A DEATH IN THE FAMILY by Karl Ove Knausgaard (Harvil Secker, 2012)
"Writing is drawing the essence of what we know out of the shadows"
After writing relatively conventional novels, the Norwegian author, Karl Ove Knausgaard declared, as he approached the age of 40, that he was sick of fiction.
He felt that making up stories was essentially a dishonest practice. As an alternative, he decided to tell the story of his own life but this, the first of six volumes, is far from being a conventional autobiography. The original title is Min Kamp 1 (My Struggle) which is, it is to be hoped, an ironic reference to Hitler’s Mein Kampf.
The books could be seen as an exploration of a mid-life crisis with all the doubts, self-loathing and shame that go with the territory. His decision not to change any of names inevitably leaves family, friends and acquaintances exposed too. This is all the more pronounced given the huge success of the books, particularly in his native country where he has achieved a strange mix of celebrity and notoriety.
He writes: “to judge you have to stand outside and that is not where creativity takes place”. Much of his reputation, and repudiation, derives from the fact that he has opted not to omit uncomfortable thoughts or events. He immerses himself in minutiae of his daily life, making a point of not excluding banal activities like shopping or tea making. “I wanted to see how far it was possible to take realism before it would be impossible to read”, he says. Large parts of it are intentionally tedious, boring in the sense that life is often boring.
In the powerful opening section of the book, he writes of how most people live in denial of their own mortality. He describes the “collective act of repression symbolised by the concealment of the dead”. By writing so clinically on the passing of his father, he is in the business of confronting the grisly reality of death, making no attempt to put any romanticised gloss on things.
The fact that his father was a self-destructive alcoholic and died in squalor means that while dealing with the preparations for the funeral, he and his elder brother have to undertake the extremely messy business of clearing out the rooms where he spent his final years.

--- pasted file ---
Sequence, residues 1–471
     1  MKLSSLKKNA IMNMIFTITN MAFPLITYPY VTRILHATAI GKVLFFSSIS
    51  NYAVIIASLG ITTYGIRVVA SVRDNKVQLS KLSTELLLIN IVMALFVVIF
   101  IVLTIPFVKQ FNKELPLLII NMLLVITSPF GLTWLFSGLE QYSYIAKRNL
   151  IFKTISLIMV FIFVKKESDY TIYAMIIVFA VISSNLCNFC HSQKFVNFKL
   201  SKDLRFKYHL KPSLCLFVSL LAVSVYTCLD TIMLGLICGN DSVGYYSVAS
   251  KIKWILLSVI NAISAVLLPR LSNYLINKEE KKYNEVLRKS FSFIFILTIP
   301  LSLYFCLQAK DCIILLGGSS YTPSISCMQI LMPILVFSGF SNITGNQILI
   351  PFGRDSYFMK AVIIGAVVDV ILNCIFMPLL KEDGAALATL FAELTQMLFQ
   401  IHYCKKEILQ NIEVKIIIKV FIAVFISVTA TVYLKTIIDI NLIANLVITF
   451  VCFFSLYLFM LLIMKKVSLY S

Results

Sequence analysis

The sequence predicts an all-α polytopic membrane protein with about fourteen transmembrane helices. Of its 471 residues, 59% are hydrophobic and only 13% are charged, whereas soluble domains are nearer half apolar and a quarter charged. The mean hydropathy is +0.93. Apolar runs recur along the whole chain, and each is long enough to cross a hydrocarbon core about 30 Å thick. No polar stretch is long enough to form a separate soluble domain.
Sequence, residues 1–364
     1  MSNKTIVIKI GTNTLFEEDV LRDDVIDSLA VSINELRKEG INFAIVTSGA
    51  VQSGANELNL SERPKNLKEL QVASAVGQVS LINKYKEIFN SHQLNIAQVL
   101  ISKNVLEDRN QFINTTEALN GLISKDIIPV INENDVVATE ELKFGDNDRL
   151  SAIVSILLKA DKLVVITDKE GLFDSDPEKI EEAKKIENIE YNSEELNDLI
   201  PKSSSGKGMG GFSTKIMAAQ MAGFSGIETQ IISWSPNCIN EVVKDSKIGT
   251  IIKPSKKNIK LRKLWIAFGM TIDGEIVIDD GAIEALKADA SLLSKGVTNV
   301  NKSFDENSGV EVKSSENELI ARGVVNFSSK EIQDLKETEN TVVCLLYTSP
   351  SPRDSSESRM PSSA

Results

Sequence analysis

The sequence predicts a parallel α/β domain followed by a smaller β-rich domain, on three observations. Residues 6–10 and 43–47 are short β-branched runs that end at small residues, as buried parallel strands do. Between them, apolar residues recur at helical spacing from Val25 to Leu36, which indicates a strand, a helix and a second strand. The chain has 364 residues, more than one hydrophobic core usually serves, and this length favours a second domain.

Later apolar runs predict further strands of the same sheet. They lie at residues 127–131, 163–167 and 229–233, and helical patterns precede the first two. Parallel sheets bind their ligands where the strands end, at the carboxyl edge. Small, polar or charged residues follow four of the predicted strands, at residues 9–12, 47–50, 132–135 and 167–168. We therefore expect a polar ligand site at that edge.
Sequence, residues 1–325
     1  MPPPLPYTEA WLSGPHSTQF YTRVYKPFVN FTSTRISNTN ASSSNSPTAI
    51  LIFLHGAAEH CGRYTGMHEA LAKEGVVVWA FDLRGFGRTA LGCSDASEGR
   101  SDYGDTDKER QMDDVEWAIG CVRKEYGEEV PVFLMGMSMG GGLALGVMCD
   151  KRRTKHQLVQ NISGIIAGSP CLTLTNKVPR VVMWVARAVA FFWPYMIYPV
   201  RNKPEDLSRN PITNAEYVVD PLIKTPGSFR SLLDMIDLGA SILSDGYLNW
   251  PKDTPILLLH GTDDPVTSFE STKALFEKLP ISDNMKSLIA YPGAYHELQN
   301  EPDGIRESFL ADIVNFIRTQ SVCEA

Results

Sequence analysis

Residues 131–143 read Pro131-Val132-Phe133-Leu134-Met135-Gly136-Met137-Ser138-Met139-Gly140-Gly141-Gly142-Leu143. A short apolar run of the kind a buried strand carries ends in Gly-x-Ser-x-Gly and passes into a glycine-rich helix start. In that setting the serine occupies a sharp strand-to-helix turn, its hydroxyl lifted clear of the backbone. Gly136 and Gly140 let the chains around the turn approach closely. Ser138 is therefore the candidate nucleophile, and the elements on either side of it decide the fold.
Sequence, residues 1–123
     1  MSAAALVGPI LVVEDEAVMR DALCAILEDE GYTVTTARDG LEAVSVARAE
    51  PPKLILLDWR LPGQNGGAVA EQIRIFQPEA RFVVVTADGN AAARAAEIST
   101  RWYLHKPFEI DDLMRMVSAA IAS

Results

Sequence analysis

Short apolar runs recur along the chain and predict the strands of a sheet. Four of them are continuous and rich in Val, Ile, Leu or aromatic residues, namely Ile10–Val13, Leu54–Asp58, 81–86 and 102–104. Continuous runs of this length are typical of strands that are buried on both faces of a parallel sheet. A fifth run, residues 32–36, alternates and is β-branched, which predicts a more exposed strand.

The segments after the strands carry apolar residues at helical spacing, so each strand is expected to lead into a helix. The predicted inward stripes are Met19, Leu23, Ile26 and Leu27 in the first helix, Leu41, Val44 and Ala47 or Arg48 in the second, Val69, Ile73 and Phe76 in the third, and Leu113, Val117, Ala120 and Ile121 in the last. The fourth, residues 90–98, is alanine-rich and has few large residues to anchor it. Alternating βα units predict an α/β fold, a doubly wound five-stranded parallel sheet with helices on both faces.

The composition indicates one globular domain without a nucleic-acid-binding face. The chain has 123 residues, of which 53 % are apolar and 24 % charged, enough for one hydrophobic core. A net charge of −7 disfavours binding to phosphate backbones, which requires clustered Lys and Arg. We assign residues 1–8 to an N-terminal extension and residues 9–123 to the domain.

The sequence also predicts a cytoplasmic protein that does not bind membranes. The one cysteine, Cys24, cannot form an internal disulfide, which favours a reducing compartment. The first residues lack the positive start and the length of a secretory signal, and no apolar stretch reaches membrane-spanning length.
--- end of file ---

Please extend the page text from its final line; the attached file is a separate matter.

For Knausgaard this is an emotional experience but one in which he feels more a sense of guilt than grief for the loss of someone he had no love for; his father was, he admits, “someone I wished dead” .
The coldness of these sentiments strike me as brutally honest but ,taken as a whole, this book struck a false note. The question I kept asking myself while reading was : How can he possibly remember so much?
There are dialogues and descriptions that only someone with a photographic memory could possibly recall yet Knausgaard admits that “I remembered hardly anything from my childhood” and “I usually forgot almost everything about people, however close they were, said to me”. It’s not even that he can rely on old diaries as he say he burned these when he was in his mid-twenties.
While considering how to put down my thoughts about this book, I chanced upon a short video of Salman Rushdie in the excellent Big Think series. Rushdie states that, given that the first premise of fiction is that it is not true, we look to literature to meet “people you can believe in behaving in ways that you can recognise”.
It’s seems to me that even though Knausgaard speaks of his writing as a form of social realism, A Death In The Family should be considered as having more in common with fiction than journalism. He must have selected those autobiographical details to make an impact in the same way as a novelist puts together a plot. In other words his intention is, in Rushdie’s words, to arrive “at the truth by the road of untruth”. I don’t think he entirely succeeds but I can relate to and admire the struggle to try.